Being the parent of a child with Dravet syndrome can be lonely and isolating. It’s easy to feel like no one else “gets it”, that no one else understands our day to day experiences or the challenges we face…
No one else, except another Dravet family.
This past July, in Edmonds, Washington, a small beach community just outside of Seattle, 8 local-ish families attended a Family Gathering. Families first gathered indoors and then moved out to the beach. Children played. Service Dogs were petted. Parents connected. This was all made possible due to a generous grant from the Dravet Syndrome Foundation, thanks to support by Jazz Pharmaceuticals.
Caregiver Connect Grants are available from $100-$300 and can partially or fully fund a local Dravet family gathering or an ongoing Dravet support group in your area. For example, you can plan an event for families, a monthly coffee meet-up for moms, or a dinner for dads. The goal of the grants is to allow our community members to connect and receive support from one another.
Let’s back up a bit- how does one even get started with organizing a Family Gathering? First, I gathered interest in our online FB Parent and Caregiver Support Groups. We have nearly 2 dozen families from Seattle to Tacoma. I knew all wouldn’t be able to make it but it was important to let all know they were invited! I considered locations that were both appealing and easily accessible for most families. In my scouting, I learned of a community center that offered room rentals to non-profits for little to no cost and they just happened to have some upcoming availability for a 3 hour reservation! In your area, you might consider community centers, restaurants with private rooms, parks with picnic shelters, coffee shops, and libraries.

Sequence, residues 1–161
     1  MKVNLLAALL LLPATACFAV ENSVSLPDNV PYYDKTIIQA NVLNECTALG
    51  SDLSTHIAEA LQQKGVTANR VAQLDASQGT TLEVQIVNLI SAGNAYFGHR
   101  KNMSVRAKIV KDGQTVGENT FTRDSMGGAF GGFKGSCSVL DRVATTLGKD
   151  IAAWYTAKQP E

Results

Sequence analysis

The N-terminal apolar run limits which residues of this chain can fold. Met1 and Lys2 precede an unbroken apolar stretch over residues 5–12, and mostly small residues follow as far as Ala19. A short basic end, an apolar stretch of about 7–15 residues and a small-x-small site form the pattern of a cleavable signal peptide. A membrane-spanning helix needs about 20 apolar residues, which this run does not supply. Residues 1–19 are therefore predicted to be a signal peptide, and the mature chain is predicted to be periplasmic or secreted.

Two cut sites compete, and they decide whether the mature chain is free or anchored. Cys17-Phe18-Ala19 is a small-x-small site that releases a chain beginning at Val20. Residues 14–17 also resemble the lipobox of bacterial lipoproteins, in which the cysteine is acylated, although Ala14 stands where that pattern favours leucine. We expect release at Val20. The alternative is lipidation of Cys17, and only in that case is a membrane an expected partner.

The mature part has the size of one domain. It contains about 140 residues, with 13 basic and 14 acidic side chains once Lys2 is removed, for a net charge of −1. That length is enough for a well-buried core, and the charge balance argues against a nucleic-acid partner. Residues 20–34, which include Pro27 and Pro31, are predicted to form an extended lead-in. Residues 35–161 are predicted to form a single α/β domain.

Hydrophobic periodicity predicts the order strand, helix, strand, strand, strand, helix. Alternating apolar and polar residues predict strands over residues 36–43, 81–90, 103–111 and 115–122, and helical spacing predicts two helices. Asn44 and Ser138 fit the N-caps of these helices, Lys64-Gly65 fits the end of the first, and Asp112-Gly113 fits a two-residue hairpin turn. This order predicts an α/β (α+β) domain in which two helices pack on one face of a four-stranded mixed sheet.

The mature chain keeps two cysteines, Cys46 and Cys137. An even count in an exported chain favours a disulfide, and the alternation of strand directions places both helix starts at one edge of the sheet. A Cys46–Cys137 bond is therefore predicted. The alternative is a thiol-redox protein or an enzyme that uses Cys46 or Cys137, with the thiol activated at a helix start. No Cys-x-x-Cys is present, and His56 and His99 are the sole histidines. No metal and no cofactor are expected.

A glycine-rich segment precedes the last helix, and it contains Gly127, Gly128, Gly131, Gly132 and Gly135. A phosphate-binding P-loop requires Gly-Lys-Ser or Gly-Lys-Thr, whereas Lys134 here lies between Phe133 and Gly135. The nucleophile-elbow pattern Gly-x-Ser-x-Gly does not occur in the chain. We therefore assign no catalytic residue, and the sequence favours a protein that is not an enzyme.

Next, I applied for the Caregiver Connect Grant. I am so grateful that DSF covered the cost of the room rental, doughnuts, waters, and juices. The generous staff at the Downtown Edmonds Starbucks provided coffee. Since many of our children have special diets or food allergies, I encouraged families to BYO picnic lunches.
Finally, we gathered! Several of the families had never met another Dravet Family in person. The oldest attending Dravet patient was 25 years old and the youngest, just 7 months old. Siblings got to meet other siblings and saw they were not alone in what they go through. Parents chatted without fear of judgment. Our children with Dravet syndrome dazzled us with their charm and warm smiles. I, for one, can’t wait to do it again!
It’s really THAT easy! Yes, it does take some coordination and organization, but with DSF’s support with Caregiver Connect Grants, it doesn’t take a financial burden!